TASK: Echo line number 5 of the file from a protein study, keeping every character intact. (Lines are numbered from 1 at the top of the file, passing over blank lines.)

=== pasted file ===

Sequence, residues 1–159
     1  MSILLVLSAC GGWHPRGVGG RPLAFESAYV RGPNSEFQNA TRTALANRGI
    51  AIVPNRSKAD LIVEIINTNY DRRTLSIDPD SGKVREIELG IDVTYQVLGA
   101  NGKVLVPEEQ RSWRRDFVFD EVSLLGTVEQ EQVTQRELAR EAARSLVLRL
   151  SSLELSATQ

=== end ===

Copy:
   151  SSLELSATQ